Acura's big news at this year's New York auto show was an update to its smallest model. The TSX gets a few significant cabin tech upgrades, including the availability of real-time traffic and weather information, an available ELS premium sound system, and as-standard iPod and USB integration.
While Acura makes no mention of it in any of its news releases, we discovered that the new TSX is also apparently capable of supporting Bluetooth audio streaming.
The 2009 TSX has a wheelbase that is 1.3-inches longer than the current model and gets an extra 2.4 inches in overall length. The model is also the first from Acura to make use of inside frame rails, which are design to improve underfloor aerodynamics.
Structural updates to the TSX include the closed-channel cross-braced roof structure for greater rigidity, a stronger rear bulkhead, and new A-, B-, and C-pillar separators to improved noise and vibrations at high speeds.
Like other recent Acura models, the new TSX features a central console packed with a barrage of controls for the navigation and audio systems. The design improves upon earlier versions with the addition of a prominent power-volume knob, letting drivers turn the stereo volume up or down without having to hunt around for the relevant button.
The 2009 TSX is also available with Acura's XM-sourced real-time traffic information service, which to date was optional only on higher-end models. This updated version of AcuraLink features dynamic route guidance, which proactively suggests alternative directions when traffic is detected on the current route.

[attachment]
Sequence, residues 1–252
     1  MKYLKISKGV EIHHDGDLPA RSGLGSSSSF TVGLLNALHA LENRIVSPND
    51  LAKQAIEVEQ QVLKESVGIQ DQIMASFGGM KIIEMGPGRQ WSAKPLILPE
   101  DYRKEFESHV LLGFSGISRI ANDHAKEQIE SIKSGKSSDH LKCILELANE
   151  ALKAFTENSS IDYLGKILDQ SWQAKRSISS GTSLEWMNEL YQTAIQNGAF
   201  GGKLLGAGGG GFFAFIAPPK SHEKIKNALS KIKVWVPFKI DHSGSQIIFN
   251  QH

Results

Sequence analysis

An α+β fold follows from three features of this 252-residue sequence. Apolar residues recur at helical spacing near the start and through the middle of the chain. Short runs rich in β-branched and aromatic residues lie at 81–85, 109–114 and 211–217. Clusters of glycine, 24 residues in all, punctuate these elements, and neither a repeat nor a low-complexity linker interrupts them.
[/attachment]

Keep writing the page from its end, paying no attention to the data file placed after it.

The AcuraLink weather service uses XM's "Threat Matrix" technology to track nationwide weather information for more than 20 different weather conditions, then scales and customizes this detail to the driver's location and route.
However, a look outside would have told us the same thing, and on our test drive the AcuraLink weather system had failed to warn us in advance that there would be a snow storm on our route, meaning that we got trapped in blizzards for hours. Not the most auspicious of starts for the new service.
The TSX gets a seven-speaker sound system, Acuras' Bluetooth HandsFreeLink phone interface, and a USB port for audio playback all as standard equipment. For audiophiles, the TSX is available with a 10-speaker ELS 5.1 surround-sound system, tuned by Grammy-winning sound engineer Elliot Scheiner.
The 2009 TSX is available with either a six-speed manual--complete with short-throw shifter--or a five-speed automatic gearbox, which can be activated using steering-wheel mounted paddle shifters. According to Acura, the manual transmission makes use of "performance-oriented ratios" for Second through Sixth gears, while the the Sequential SportShift automatic transmission features a new lock-up torque converter assembly.
The TSX becomes the second car (following the Acura RL) to get XM's real-time weather tracking system. Available as part of the TSX's Technology Package, the service is integrated into the navigation system and provides information in a variety of at-a-glance formats on weather conditions for the current route or for other parts of the country.
Despite Acura's claims that the new TSX is more powerful than its predecessor, its 2.4-liter direct-injection four-cylinder engine gets four fewer horsepower than the current model, delivering a still-respectable 201 horsepower. Torque is increased to 172 foot-pounds, however, and the TSX gets an improved ULEV emissions rating from the California Air Resources Board.